If it is too low, it means that the business is churning customers, or that the ones who bought might not be satisfied with their purchases.

If it is too high it could indicate high loyalty, but could also mean that the business is not acquiring enough new customers and can do better with spending more on marketing.

Importance of Tracking Ecommerce KPIs

In order to manage the performance of any business, you need to be able to measure it first.

Key performance indicators help in singling out the root causes of low performance and help managers take the right actions to solve the underlying problems.

For example, if sales are down, it could be for many different reasons. Tracking ecommerce KPIs related to sales, inventory and customer satisfaction can show why exactly sales are down.

Is i because there is no traffic?

Is traffic coming but there is low conversion?

Are customers converting but buying less items?

Is there enough inventory or are all the best sellers sold out?

Are customers satisfied with their previous purchases?

Those are the types of questions that need to be asked, and tracking KPIs will help answering them.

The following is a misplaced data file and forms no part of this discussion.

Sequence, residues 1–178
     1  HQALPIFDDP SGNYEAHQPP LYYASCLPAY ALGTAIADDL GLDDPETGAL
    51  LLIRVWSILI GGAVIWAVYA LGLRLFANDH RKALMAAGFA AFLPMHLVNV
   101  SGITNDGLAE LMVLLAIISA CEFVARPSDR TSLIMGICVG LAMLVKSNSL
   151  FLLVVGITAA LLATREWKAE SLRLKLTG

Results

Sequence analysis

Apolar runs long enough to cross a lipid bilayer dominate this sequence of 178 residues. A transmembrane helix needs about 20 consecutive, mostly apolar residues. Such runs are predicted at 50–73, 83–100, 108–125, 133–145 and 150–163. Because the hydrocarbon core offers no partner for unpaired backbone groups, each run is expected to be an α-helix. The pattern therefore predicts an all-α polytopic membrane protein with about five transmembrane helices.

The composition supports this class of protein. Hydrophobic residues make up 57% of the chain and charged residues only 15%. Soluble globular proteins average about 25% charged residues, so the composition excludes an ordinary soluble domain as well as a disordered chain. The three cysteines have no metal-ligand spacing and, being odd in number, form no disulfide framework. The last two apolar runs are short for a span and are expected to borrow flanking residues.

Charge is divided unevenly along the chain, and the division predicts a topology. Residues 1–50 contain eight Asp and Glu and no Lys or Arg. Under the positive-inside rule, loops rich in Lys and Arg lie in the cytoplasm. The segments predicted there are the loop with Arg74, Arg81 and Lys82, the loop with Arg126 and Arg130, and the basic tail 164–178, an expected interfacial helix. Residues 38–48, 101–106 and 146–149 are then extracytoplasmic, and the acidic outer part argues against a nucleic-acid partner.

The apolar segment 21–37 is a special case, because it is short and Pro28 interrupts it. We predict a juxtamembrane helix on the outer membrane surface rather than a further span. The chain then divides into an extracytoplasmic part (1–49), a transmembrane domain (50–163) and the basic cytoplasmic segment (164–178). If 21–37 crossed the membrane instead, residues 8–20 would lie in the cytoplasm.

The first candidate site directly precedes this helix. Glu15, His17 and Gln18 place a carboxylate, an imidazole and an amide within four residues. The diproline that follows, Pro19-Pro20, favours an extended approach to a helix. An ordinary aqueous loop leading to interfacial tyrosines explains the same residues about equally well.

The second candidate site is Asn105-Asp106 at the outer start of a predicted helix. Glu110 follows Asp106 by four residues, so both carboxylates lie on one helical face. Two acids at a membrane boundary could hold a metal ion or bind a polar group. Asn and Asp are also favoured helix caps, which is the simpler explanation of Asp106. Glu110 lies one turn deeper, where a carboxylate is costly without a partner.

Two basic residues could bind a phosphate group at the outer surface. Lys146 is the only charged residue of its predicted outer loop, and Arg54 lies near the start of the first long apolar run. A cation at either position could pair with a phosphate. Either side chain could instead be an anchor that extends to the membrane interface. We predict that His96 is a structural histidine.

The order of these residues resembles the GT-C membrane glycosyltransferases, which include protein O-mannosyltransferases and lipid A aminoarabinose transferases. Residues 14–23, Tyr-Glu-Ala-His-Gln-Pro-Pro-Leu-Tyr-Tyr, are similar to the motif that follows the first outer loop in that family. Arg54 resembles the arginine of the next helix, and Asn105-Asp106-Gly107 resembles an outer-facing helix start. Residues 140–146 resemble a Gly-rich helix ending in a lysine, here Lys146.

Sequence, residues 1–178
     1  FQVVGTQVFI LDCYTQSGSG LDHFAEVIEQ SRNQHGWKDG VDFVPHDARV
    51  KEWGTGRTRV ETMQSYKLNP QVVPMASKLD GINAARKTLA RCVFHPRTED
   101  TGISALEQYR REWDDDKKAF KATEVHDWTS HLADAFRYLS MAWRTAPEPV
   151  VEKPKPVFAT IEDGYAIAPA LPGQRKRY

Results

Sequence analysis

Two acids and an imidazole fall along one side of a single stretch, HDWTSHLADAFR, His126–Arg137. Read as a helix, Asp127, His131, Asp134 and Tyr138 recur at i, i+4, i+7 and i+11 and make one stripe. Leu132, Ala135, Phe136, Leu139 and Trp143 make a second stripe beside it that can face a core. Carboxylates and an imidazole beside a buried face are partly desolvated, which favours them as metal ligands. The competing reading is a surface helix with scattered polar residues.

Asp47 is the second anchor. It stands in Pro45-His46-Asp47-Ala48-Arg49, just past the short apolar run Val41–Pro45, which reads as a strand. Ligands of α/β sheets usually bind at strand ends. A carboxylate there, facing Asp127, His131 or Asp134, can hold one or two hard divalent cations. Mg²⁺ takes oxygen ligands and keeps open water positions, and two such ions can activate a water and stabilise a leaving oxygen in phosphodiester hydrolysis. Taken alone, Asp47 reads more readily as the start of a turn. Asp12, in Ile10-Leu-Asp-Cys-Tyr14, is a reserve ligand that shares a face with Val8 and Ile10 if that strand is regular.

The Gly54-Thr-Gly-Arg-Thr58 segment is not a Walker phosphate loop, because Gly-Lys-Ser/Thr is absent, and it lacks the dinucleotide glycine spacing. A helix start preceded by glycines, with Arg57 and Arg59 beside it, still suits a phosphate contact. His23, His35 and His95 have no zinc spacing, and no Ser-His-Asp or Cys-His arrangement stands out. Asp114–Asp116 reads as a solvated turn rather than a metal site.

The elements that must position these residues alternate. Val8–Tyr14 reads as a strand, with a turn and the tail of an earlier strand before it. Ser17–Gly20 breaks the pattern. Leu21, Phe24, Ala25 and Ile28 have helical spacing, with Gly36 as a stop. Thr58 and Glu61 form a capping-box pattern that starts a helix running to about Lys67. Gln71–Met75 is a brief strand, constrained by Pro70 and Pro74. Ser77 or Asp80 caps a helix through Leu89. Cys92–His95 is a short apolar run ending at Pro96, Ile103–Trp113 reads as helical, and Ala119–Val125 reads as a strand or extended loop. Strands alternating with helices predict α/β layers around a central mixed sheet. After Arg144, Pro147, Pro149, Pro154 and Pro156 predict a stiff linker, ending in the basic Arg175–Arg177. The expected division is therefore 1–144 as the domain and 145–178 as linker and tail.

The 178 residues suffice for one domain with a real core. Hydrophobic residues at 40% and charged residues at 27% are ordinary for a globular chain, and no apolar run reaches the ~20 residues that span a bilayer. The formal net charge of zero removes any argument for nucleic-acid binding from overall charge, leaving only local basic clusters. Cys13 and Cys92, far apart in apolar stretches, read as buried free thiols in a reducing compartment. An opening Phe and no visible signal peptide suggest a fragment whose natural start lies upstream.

How To Manage Ecommerce KPIs

Managing ecommerce KPIs happens by generating and analyzing those KPIs on a regular basis (e.g weekly & monthly) and sharing those KPIs in the form of dashboards with the right teams to track the performance of the entire business, as well as the different teams.

Those KPIs need to also be linked to the performance management goals and KPIs set for the managers and team members of each department at the beginning of the year, and they should be measured and rewarded based on them.

Understanding what the benchmarks for each KPI are in the industry will help set realistic goals to aim for.

Once the right goals are set for the entire year, they can then be broken down into milestones to be achieved and tracked on a quarterly basis, and each respective team member can define the needed tasks to achieve those milestones and start working on them.